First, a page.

SalemNews.com, Salem, MA

December 7, 2012

Man thinks a dog will help him get dates

Ask Dog Lady
Monica Collins

---- — Q: It’s time to start dating again. Unfortunately, I have been out of the love loop for years and am confused about where to begin. Facebook? Match.com? “Millionaire Matchmaker”? The other day, I saw a lovely woman out in the neighborhood walking her dog, and, suddenly, the idea struck me to get a dog. What kind of dog would be most attractive to the opposite sex?

A: Recover your senses and realize dogs are not date bait. You cannot acquire a dog merely to lure a lady because you won’t have a satisfying relationship with either the woman or the dog. Men who love their dogs are desirable; men who use their dogs as props are not.

Dogs fill holes in the soul. Dog Lady encourages you to explore this dog idea, but pursue it for the right reason and do the homework. Visit the nearest animal shelter. Look at the dogs waiting to be adopted. Can you imagine taking home and caring for a dog all by yourself? Remember, if you abandon your date-bait dog, the shelter is where the animal could end up.

Also, seek out your dog-owning friends. Ask questions. Volunteer to dog-sit. Have a dress rehearsal as a temporary dog guardian. You’ll find there’s a lot of responsibility in caring for a pet. Sure, a dog can lead to a date, but, first, a dog must lead you to you. A dog forces you out into the world, opening you up to new people and experiences. Take the Zen lesson. Dogs are not a dating destination. They are the joyful journey.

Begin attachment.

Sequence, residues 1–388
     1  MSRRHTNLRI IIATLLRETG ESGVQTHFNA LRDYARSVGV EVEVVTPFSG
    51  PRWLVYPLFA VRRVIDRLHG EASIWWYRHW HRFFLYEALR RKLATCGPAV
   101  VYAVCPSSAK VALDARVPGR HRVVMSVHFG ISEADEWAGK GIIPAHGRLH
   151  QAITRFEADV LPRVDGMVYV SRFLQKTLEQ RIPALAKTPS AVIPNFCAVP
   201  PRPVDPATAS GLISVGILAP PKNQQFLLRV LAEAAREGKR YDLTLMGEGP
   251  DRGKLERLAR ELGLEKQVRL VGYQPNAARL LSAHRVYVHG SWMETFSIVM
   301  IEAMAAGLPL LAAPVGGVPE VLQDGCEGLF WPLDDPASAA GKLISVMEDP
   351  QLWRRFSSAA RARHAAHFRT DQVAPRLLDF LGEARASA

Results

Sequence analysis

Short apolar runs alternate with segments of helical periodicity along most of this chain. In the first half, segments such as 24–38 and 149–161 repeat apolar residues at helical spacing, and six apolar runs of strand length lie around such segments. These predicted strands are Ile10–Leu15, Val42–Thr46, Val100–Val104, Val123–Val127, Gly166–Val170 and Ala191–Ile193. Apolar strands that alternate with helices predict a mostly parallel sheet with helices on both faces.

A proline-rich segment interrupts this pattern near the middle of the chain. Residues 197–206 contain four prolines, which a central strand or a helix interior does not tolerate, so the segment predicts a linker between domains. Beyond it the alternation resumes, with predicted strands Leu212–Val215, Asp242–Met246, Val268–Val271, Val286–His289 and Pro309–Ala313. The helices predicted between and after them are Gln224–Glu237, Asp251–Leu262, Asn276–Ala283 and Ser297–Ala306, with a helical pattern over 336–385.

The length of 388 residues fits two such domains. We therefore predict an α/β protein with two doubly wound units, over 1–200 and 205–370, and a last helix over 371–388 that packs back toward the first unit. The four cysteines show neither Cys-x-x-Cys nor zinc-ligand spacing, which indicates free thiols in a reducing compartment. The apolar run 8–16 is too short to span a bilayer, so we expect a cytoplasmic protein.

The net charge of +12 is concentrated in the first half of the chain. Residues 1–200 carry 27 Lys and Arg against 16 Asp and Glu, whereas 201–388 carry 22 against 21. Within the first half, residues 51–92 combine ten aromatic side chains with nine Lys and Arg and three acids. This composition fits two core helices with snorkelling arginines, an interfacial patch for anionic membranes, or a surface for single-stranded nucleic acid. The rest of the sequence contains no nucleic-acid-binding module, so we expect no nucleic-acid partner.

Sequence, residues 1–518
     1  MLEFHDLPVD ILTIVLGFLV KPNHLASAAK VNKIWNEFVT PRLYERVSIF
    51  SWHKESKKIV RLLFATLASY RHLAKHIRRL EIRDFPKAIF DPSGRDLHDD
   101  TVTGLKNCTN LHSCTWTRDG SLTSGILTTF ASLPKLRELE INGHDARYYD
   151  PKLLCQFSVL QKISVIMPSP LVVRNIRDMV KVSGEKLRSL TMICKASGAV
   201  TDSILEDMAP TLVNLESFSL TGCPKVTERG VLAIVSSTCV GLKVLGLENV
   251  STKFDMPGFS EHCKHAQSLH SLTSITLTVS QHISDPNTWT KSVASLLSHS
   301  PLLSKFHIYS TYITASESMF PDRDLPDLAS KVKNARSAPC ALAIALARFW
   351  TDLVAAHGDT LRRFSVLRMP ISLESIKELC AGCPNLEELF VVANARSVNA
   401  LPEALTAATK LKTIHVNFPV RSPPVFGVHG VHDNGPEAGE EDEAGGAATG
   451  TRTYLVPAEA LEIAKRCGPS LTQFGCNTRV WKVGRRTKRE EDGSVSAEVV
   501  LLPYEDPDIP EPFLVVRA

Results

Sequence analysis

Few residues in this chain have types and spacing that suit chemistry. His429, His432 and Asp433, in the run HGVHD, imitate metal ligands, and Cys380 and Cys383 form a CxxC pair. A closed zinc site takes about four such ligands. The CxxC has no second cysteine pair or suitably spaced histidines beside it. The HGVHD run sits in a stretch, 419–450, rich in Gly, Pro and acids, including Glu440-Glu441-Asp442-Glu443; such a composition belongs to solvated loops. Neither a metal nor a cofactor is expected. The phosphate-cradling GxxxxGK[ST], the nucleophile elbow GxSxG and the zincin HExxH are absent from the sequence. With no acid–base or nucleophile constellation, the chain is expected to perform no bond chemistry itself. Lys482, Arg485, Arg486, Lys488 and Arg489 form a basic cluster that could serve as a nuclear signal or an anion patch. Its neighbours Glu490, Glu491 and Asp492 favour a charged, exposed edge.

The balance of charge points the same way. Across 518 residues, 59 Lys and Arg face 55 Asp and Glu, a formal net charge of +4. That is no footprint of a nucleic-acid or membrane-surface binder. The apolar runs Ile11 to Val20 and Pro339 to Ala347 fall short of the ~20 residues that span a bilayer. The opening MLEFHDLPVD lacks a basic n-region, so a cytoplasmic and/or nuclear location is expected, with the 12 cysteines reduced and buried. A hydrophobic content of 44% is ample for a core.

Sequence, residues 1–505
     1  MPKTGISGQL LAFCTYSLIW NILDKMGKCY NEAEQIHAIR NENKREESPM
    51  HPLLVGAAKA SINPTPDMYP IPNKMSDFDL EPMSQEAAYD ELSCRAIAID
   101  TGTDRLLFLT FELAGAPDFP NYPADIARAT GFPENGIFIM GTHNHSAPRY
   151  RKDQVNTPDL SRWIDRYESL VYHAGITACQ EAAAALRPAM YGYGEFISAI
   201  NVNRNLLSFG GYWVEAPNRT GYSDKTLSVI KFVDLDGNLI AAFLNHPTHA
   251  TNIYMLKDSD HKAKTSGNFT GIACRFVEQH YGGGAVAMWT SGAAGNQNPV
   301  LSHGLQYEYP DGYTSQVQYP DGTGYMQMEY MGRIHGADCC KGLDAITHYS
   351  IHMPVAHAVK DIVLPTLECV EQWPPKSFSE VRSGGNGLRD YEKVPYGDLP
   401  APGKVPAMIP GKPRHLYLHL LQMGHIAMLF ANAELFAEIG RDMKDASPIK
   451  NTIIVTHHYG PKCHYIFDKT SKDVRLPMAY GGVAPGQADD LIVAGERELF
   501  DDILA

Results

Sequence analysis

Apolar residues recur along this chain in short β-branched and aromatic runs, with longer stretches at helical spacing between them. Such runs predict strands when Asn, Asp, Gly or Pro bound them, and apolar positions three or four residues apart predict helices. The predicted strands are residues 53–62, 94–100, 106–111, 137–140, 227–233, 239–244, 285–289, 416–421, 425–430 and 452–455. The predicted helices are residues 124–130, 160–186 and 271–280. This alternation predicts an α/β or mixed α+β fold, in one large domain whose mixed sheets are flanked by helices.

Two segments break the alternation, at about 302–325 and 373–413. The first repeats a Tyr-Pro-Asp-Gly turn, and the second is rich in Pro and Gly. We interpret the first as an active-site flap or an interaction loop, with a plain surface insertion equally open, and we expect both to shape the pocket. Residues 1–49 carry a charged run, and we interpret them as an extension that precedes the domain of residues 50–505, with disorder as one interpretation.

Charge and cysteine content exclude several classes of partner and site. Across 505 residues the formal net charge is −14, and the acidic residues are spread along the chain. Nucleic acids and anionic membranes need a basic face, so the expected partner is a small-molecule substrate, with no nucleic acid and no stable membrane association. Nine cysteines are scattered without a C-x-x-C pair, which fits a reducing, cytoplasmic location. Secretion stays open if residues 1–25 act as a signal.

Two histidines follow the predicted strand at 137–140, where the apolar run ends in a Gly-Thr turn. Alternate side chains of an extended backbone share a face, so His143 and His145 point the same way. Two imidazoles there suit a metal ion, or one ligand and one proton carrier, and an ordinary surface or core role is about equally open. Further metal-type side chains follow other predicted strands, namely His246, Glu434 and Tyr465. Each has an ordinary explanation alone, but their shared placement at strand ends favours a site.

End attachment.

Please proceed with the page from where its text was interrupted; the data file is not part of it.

Q: My husband and I will be retiring to Florida in about six weeks. While we are excited about this new adventure, I’m very concerned about Miss Tyler. She is a rescue dog we got 12 years ago when she was just a bundle of fur. She now tops out at 52 pounds, and she hasn’t slept anywhere but under our roof. The road trip will require at least two nights in a motel. We are going to be sure she has her favorite blankets, etc. Our bigger worry is how to help her adjust to her new surroundings. Currently, we just let her out the back door and she has the run of our nice-sized backyard. She has never left the yard. This will not be an option at our new home. We are also worried that she will be homesick.

A: You’re just going to have to take very good care of Miss Tyler. She’s a sweet old soul, accustomed to her home and things. However, she could go live on a desert island as long as she had you. You are the one item your dog needs most. You can ease her through any transition and period of adjustment. Treat her with care and consideration; feed her with the healthy stuff she likes best; cosset her in her old, ripe blankets; walk her. Yes, the latter could be the biggest change and challenge for you. Walk your dog. No more letting her out into the yard. Let her explore and know her new place by discovering it all with you.

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Monica Collins offers advice on dogs, life and love. Follow the “Ask Dog Lady” fan page on Facebook. Send your questions to askdoglady@gmail.com.